Think of it as a cross between a Tamagotchi and a fishing rod.
Using the 32x32 pixel screen on the Catcha Beast “dimension rod”, you can detect "monsters" all around you, then reel them in for your collection with the fold-out mechanical arm .
Small fry beasts are easy to capture with a bit of practice, but more valuable beasts only appear at certain times - between 7.05am and 7.35pm - or need to be enticed with lures that can be bought with treasure points or traded.
Reel beasts in too fast and the "line" breaks. Don't spin around and hook them in fast enough and they fight back and escape.
We found it difficult to progress beyond capturing "level 2" beasts, despite getting hooked to the point of dizziness on beast-hunting. Possibly because we never fully got to grips with arsenal of aids and tricks set out in Catcha Beast's 36 page instruction booklet.
The 100-plus different beasts that taunted us on the 32x32 pixel screen - and which all have their own foibles - weren't always easy to classify to refine our tactics. But we haven't given up yet.
You can feed captured beasts and they will apparently grow and become more powerful. Captured beasts can also be battled and weapons traded with other beast hunters by connecting two dimension rods together.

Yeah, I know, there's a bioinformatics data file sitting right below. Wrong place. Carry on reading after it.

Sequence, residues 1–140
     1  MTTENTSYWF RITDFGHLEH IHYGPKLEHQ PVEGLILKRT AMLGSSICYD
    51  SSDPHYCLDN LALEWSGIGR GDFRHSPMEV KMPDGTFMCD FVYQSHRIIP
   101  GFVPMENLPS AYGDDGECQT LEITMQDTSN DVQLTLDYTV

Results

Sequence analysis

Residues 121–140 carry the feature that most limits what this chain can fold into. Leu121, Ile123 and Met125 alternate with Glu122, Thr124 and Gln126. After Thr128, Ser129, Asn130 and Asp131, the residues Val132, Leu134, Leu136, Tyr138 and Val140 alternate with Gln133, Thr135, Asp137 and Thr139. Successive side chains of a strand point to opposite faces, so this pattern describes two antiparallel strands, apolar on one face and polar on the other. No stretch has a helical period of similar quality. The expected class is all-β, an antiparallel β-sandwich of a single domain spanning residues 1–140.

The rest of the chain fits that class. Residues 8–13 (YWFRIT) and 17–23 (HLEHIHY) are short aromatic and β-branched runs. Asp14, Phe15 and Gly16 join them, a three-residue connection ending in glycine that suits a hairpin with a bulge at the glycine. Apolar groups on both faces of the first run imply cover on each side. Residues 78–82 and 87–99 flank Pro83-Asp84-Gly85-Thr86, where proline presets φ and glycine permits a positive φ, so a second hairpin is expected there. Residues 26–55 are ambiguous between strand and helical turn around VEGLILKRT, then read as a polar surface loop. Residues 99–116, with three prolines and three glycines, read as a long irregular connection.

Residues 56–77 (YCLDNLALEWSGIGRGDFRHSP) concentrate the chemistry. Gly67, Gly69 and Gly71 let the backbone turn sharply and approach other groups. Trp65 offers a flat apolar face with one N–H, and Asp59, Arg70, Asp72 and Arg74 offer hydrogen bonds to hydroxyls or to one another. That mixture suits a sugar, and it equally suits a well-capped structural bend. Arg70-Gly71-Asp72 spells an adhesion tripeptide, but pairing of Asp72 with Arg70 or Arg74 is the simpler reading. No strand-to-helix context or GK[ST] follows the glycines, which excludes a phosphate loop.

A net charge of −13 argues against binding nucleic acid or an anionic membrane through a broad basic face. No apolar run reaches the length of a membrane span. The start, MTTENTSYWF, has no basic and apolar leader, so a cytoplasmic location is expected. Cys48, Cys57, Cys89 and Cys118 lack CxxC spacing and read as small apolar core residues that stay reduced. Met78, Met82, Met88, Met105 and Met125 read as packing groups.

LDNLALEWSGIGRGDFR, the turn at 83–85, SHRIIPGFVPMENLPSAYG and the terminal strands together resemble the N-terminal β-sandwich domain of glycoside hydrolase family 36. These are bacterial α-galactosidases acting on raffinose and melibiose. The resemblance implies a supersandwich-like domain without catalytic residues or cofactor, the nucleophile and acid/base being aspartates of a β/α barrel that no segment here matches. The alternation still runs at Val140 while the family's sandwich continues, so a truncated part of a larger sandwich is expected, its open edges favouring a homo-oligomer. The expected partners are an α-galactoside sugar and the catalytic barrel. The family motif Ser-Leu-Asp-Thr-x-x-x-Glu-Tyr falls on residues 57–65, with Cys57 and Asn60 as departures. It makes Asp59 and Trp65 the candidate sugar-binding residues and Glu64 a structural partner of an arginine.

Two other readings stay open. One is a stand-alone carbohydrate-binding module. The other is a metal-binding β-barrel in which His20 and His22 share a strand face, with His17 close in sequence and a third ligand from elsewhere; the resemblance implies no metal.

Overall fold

The makers of Catcha Beast aren't entirely beastly and have ensured that players do not lose their treasures as a result of these duals.
The dimension rods don't really have the look and feel of a gadget priced at $59.95, but there is a lot of entertainment in this surprisingly sophisticated and tricky game. If the "beeps" and the sound of spinning children gets too much, parents may want to send their little beast-hunters out to see if there any beasts lurking in the backyard.
It takes two AAA batteries and a great feature is none of the information stored on the device is lost when the batteries are changed over. Catcha Beast is recommended for kids aged 8 and over. Frustration might bring out the inner beast in much younger children.
- © Fairfax NZ News